Diffoscope is a command-line-based Python utility that is like diff for comparing files and directories, but it goes far beyond that. It will recursively unpack various archive, Linux package formats, and other aggregate files to try to precisely determine the differences.
Tamper Chrome is a Chrome web browser extension from Google that simplifies the process of editing/modifying HTTP requests for both application/API and web security testing. It adds a Tamper to the standard Google Chrome Dev Tools which further segments the functions into groups like blocking requests, modifying request or response headers, and monitoring POST messages. The GUI is clean and it breaks out each attribute so you don’t have to construct all of the details, like you would when using cURL or httpie.
SQL Notebook is a small, nimble tool for doing analysis of (more or less) tabular data (think “spreadsheet”). It uses SQLite under the covers and makes quick data analysis that is beyond the capability of spreadsheets very accessible to most any user. You can use any SQL, plus the tool adds its own commands for common tasks.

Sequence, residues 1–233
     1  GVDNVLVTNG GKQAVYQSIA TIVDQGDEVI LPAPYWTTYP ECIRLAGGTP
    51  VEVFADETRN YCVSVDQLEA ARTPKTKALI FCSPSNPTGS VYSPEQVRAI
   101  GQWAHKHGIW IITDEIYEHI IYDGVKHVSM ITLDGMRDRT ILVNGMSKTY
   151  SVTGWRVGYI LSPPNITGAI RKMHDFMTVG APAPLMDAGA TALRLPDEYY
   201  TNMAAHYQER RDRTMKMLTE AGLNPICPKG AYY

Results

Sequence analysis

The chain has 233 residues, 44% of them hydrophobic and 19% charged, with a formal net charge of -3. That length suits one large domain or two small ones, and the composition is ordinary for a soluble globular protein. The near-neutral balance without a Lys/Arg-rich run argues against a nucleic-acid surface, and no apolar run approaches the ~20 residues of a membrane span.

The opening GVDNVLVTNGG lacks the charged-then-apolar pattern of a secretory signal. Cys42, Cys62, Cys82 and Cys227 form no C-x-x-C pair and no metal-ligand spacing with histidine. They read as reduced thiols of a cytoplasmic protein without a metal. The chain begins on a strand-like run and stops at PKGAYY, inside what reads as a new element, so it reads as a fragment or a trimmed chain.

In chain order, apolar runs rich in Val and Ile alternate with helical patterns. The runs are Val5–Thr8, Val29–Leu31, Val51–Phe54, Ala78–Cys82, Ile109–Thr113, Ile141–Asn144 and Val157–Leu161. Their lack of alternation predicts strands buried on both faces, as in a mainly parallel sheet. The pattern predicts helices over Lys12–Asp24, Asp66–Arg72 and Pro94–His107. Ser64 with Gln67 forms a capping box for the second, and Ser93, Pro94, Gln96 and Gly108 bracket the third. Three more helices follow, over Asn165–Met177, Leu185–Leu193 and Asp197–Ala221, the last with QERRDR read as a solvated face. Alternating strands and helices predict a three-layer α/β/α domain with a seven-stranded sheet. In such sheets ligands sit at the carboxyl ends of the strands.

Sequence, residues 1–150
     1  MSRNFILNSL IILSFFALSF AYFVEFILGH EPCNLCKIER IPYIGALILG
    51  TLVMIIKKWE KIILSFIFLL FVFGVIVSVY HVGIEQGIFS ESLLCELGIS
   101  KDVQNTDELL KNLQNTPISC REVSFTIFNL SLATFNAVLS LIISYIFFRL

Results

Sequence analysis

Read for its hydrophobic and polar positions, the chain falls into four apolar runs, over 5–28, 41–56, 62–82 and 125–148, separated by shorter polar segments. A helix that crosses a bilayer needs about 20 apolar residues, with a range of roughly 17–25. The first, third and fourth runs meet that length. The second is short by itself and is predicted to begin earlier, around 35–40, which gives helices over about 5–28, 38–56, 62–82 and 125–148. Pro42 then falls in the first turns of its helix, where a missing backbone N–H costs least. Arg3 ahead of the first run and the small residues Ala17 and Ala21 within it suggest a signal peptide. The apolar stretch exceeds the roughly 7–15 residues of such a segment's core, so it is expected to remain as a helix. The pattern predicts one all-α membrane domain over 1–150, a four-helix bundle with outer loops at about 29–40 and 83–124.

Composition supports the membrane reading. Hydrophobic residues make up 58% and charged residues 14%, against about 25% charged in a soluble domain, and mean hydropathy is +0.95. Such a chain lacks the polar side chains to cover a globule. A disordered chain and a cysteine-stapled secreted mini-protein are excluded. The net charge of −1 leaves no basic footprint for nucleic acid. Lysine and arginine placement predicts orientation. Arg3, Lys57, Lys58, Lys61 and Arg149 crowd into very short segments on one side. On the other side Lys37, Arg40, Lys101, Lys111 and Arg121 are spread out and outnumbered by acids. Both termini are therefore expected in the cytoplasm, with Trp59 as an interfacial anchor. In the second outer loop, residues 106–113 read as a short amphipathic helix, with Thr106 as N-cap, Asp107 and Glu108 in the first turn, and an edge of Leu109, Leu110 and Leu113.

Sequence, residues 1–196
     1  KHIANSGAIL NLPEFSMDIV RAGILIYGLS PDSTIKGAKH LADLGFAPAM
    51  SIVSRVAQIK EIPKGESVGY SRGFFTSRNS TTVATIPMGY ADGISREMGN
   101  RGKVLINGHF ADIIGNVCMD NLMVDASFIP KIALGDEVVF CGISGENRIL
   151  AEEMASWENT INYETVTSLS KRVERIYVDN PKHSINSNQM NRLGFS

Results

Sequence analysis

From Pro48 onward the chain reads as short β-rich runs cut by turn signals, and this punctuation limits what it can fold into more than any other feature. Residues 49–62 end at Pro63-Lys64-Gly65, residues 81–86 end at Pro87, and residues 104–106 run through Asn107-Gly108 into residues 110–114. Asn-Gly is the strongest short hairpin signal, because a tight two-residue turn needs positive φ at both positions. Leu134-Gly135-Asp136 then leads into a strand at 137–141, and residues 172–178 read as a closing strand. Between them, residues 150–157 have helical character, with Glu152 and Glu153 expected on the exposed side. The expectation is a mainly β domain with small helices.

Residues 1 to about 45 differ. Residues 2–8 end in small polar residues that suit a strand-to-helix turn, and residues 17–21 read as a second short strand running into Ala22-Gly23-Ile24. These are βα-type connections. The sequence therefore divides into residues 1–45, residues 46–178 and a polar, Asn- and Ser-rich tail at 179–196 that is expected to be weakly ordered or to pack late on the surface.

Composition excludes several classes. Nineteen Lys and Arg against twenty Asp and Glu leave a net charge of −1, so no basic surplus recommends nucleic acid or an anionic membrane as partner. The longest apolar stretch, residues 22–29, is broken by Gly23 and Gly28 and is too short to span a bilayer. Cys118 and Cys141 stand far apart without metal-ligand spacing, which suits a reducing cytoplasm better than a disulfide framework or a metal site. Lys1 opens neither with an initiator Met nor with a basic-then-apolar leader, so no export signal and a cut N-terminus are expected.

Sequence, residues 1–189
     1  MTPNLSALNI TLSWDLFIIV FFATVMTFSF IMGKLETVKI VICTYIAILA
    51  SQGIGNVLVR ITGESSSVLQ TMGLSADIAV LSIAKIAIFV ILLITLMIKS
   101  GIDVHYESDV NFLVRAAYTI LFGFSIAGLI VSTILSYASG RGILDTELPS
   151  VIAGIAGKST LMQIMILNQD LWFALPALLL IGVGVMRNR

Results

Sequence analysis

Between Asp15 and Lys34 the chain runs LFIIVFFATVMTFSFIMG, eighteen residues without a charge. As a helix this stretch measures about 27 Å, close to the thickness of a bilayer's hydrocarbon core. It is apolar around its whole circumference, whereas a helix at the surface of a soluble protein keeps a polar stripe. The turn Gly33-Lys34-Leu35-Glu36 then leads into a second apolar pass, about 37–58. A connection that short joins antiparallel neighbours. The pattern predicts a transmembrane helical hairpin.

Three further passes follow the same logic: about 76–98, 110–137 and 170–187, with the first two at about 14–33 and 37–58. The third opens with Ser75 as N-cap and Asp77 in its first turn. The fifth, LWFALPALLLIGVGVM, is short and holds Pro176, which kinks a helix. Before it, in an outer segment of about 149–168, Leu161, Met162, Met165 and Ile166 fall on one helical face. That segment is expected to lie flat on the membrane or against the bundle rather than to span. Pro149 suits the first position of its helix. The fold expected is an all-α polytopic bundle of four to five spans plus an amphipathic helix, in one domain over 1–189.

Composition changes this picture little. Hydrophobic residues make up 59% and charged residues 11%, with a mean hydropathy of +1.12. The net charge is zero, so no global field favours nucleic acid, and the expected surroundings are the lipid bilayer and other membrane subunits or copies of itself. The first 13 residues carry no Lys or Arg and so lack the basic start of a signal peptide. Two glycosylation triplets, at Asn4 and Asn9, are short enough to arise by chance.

Windows has had built-in support for handling Zip archives for a while, but it is quite spartan. TC4Shell extends the idea of handle many archive formats, including Zip, RAR, 7Z, and more, transparently in the shell and file system. And it does it in a much more intuitive and seamless manner.
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Unless yachting is your thing, most of us usually only hear about it every four years when the America’s Cup comes around. But this story is just too good (and odd) to pass up. This guy plans to cross the Atlantic Ocean in a 3-1/2” yacht. He expects the trip to take about 3 months, most of it standing up.
If you’re a data scientist looking for some data to analyze, where should you look? This guy took an existing data set about the colors of sweaters worn by Mr. Rogers on his show and broke it down. Creative and culturally chic!